Related topics: laser

Quantum-entangled light from a vibrating membrane

Entanglement, a powerful form of correlation among quantum systems, is an important resource for quantum computing. Researchers from the Quantum Optomechanics group at the Niels Bohr Institute, University of Copenhagen, recently ...

Shining a new light on biomimetic materials

Advances in biomimicry – creating biological responses within non-biological substances – will enable synthetic materials to behave in ways that were typically only found in Nature. Light provides an especially effective ...

Sneaking up on tiny crystals with electron diffraction

Understanding the structure of proteins, the building blocks of life, is essential to obtain insight into their biological function. Due to their minute size and extreme fragility, these structures are enormously difficult ...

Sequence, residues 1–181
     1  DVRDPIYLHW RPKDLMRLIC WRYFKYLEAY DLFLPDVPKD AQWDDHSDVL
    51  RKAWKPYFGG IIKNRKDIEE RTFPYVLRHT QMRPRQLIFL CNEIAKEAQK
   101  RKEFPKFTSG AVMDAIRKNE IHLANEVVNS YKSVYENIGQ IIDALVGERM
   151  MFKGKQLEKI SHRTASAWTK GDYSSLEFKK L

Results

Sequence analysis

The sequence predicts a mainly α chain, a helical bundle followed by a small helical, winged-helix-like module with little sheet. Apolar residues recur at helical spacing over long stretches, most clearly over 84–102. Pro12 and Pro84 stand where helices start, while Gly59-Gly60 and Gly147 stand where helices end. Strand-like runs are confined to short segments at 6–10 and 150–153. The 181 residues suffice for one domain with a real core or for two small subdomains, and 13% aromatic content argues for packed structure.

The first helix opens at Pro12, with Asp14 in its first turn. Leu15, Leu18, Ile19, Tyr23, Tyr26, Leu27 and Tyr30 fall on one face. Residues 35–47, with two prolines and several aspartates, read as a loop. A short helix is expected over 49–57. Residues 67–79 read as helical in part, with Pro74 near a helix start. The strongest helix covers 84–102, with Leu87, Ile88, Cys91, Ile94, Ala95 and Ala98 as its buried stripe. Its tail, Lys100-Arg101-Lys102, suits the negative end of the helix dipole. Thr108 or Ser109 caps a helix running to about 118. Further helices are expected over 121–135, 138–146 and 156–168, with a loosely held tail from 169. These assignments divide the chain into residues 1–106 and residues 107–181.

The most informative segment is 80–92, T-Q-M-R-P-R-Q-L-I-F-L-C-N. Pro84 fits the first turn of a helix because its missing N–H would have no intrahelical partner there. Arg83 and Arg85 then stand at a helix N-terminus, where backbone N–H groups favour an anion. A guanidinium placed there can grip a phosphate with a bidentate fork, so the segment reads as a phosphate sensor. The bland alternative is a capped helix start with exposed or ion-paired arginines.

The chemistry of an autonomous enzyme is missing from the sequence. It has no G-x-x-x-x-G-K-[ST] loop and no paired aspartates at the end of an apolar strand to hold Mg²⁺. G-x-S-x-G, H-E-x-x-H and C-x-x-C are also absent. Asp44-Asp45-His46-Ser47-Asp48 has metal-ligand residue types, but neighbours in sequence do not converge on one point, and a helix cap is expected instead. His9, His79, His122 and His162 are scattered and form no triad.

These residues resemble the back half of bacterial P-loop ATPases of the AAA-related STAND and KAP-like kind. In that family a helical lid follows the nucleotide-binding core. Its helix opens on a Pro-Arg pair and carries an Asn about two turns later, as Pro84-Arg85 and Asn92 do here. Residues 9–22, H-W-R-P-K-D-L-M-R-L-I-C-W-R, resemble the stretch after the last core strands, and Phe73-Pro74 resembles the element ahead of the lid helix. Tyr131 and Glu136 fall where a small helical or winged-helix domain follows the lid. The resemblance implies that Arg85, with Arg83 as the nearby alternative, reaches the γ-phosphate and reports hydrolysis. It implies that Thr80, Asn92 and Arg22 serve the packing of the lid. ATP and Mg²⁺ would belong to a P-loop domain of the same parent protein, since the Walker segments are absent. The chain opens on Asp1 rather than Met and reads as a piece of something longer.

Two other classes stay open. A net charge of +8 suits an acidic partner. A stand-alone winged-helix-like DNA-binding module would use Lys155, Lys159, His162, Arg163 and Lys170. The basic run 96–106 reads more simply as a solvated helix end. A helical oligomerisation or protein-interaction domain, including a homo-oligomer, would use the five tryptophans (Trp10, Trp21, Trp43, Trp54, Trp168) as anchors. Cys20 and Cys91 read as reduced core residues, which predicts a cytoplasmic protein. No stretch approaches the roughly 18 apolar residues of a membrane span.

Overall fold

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A laser is a device that emits light (electromagnetic radiation) through a process called stimulated emission. The term laser is an acronym for light amplification by stimulated emission of radiation. Laser light is usually spatially coherent, which means that the light either is emitted in a narrow, low-divergence beam, or can be converted into one with the help of optical components such as lenses. Typically, lasers are thought of as emitting light with a narrow wavelength spectrum ("monochromatic" light). This is not true of all lasers, however: some emit light with a broad spectrum, while others emit light at multiple distinct wavelengths simultaneously. The coherence of typical laser emission is distinctive. Most other light sources emit incoherent light, which has a phase that varies randomly with time and position.

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